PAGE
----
Another casualty in this conflict is the album. Albums are growing less cohesive and some artists are forgoing the album altogether opting, instead, for a constant stream of singles. Gone are the days of the concept album, replaced now by albums in which every song sounds like it could be from a completely different performer. Artists do this for the same reason that a fisher casts multiple fishing lures. The thinking is, make 12 completely different songs, use them as bait on a hook, cast them out into the internet and hope that one will take off. If one of them does catch, it is certain to create mere one-hit-wonder success. If an artist does not develop a unique personal style and voice it is highly unlikely that they will create a lasting and meaningful album having a resonant and quality message that will attract lasting fans, let alone a lasting career. Albums such as Pink Floyd’s, The Wall and The Beatles, Sgt. Peppers Lonely Hearts Club Band, if made today, would never attain the commercial success or have the social impact that they did in their respective eras.

Other advances in technology have also had negative effects on the quality of music today. Recording and mixing tools have been developed that make the impossible possible. These tools can be used sparingly to significant effect but when overused they rob musicians and their audiences of a unique experience and space in the musical culture. Digital audio workstations (DAWs) such as Pro Tools are “hardware and software that allowed musicians to record, edit and mix sound in the digital domain” (Milner, 294) These tools are great for independent musicians. There are many of them available and a serviceable setup consisting of a DAW and digital audio interface capable of recording an entire band can cost as little as $1000 to $2000. Add a few microphones and a laptop and every bedroom in the nation is a recording studio. Independent musicians can now bypass the expensive recording studio process by doing it themselves, which can be good for musicians and their fans.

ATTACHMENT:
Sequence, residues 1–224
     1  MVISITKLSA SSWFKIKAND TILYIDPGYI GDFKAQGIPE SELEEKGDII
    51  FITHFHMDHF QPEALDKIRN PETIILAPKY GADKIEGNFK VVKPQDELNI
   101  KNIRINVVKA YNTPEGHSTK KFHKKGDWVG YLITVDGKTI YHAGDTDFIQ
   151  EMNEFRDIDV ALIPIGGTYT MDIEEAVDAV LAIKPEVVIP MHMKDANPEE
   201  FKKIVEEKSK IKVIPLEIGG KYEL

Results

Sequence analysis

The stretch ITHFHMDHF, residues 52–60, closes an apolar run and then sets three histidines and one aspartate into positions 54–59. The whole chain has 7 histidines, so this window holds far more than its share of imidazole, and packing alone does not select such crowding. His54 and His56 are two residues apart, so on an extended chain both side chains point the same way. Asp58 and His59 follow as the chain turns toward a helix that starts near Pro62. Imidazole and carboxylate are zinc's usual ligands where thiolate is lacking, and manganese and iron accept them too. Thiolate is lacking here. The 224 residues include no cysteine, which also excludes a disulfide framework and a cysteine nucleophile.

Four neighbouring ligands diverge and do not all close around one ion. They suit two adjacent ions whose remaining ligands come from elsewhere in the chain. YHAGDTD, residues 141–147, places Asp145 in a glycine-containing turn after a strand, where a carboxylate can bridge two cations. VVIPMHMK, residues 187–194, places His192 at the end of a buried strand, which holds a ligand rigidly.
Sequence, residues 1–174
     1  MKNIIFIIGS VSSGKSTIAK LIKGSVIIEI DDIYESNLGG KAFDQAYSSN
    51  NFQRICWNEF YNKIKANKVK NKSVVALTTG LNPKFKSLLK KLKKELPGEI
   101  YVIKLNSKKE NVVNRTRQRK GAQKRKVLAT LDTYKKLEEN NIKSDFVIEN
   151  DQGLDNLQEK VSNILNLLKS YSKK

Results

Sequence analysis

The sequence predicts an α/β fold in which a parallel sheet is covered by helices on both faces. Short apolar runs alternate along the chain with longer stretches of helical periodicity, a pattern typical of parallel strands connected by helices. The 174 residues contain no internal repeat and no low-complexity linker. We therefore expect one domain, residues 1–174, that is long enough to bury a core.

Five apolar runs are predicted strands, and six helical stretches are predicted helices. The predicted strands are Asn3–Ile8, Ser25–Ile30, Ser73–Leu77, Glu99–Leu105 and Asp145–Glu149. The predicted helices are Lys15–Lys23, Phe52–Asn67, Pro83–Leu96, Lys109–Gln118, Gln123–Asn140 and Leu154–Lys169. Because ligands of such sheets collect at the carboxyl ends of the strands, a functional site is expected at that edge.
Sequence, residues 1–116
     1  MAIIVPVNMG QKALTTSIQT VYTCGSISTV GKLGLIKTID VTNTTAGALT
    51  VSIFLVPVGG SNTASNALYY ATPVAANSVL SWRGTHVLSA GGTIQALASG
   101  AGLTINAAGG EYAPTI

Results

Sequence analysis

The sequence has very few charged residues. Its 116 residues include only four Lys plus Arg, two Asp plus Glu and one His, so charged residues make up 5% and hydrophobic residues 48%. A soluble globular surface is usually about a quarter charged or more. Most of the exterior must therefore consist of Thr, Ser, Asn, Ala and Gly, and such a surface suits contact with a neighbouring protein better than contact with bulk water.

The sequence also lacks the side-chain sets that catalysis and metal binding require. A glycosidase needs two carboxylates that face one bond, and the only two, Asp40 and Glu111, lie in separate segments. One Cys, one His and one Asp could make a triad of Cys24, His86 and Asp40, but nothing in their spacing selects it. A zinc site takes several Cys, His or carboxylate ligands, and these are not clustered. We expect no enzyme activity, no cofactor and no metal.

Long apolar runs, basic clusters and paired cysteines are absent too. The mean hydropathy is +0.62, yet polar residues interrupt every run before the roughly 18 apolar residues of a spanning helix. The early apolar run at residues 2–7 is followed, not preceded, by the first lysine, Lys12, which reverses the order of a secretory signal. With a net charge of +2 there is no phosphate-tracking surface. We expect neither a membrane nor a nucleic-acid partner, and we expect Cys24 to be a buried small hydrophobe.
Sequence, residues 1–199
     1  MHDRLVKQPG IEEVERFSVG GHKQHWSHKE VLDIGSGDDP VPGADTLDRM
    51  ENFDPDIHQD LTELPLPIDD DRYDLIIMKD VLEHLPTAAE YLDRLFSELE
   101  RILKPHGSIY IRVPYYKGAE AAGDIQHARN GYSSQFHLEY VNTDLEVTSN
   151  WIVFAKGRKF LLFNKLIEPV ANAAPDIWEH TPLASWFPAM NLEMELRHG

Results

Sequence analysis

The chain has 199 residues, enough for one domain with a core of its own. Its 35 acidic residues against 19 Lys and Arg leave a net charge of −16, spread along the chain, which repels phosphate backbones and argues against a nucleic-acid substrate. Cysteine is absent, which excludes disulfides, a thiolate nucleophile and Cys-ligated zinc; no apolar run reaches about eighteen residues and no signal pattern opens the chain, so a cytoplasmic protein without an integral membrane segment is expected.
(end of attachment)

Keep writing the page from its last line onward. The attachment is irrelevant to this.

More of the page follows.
Deterioration of quality enters with the overuse of some of the tools that are built into the DAWs. Because of plug-ins such as Auto-tune and Beat Detective, drummers no longer need to hold a steady beat and singers no longer need to be capable of holding a tune. In the book “Perfecting Sound Forever, An Aural History of Recorded Music,” Greg Milner asserts that “DAWs have dealt a fatal blow to the idea of musical spontaneity”(299). Milner illustrates this by letting three prominent recording engineers, Chris Lord -Alge, who has 2007 credits, from Diana Ross to Slipknot to his name, Tom Lord-Alge, who has 1430 credits, from Peter Gabriel to Coldplay to his name, and Bob Clearmountian, who has 1733 credits, from The Rolling Stones to The Cure to his name, have their say.